When employee's complain that that can't fill open positions that often means that they painstakingly define the position is such a way that the person deemed suitable can hit ground running on the first day or week on the job. No retraining period is needed. Like a new brake pads in a car. Totally replaceable.

To say nothing that in reality Google and other giants (Amazon, Microsoft, Facebook, etc) are to a large extent "cemeteries" for IT talent. What's so exciting is creating Gmail and many other Google products ? Absolutely nothing. This is a pretty disgusting reimplementation work.

cm -> New Deal democrat... March 01, 2017 at 07:55 AM , 2017 at 07:55 AM

One issue that you both don't mention is lags. Translating a demand for skill into available skill takes years to decades in the best of circumstances. Even for many so called "low skilled" jobs, people have to be trained commonly for several years. For "knowledge work" or "new technology paradigms", you basically have to bring up a new generation of school/college graduates.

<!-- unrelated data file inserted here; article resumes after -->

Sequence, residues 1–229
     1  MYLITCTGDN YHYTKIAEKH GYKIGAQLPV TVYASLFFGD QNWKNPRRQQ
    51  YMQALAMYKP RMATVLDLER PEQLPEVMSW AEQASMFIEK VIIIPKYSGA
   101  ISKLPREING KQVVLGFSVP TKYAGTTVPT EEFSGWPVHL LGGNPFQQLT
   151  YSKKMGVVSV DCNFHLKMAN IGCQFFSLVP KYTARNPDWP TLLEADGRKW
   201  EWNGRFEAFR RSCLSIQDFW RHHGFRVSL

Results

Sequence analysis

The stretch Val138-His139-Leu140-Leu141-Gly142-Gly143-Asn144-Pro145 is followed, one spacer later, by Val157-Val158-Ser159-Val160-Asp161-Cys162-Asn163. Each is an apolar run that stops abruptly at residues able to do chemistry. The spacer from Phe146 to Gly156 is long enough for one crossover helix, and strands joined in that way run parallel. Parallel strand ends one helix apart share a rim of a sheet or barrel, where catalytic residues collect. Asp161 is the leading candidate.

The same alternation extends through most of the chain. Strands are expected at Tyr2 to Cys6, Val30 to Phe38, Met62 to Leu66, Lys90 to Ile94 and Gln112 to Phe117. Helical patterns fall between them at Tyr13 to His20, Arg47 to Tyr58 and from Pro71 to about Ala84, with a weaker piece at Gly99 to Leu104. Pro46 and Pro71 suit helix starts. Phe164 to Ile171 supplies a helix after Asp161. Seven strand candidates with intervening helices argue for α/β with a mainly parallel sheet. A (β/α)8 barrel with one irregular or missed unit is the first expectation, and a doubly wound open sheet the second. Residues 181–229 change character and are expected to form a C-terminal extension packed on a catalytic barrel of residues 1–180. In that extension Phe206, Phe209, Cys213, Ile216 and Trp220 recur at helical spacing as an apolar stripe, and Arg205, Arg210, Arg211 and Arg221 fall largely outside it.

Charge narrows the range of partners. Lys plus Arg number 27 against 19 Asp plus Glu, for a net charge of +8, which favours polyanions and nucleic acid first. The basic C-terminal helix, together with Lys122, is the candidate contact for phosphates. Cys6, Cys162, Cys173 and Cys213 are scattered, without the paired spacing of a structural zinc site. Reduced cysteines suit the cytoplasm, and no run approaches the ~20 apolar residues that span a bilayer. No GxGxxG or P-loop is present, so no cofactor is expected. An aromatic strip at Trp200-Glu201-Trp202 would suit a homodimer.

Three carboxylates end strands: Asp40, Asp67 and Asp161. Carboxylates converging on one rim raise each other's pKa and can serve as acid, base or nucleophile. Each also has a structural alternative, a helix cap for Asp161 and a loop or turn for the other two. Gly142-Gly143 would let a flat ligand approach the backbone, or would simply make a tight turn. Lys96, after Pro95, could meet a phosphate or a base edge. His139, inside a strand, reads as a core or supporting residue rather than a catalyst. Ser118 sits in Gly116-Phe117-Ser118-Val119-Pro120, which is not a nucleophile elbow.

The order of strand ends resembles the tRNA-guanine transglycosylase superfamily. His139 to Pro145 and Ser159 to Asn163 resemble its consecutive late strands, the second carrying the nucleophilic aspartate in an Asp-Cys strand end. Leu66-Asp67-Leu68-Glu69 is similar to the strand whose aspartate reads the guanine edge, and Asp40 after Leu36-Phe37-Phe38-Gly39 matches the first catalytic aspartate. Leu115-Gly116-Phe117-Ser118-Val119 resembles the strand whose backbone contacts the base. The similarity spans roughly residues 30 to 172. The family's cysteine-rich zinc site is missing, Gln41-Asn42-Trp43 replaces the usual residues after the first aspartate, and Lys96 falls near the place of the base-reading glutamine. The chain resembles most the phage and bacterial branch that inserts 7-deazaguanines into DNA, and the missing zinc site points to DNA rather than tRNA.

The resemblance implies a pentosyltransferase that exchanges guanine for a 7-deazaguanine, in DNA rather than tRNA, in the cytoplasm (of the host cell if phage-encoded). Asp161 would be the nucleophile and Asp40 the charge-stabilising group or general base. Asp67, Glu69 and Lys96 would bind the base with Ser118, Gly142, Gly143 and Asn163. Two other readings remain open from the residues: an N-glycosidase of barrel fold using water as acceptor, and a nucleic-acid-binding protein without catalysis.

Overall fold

Expecting training to happen "just like that", or to be funded by the workers themselves, is a non-starter.

And when the business has to pay for the training (with the risk that some of the cost cannot be recouped because trained up people may leave), then we are back at "lack of profitability".

Back in the mid/late 90's, there was a running joke that tech companies were looking for people with more years of experience with certain programing languages than the programming languages even existed (in a form to be usable for commercial work).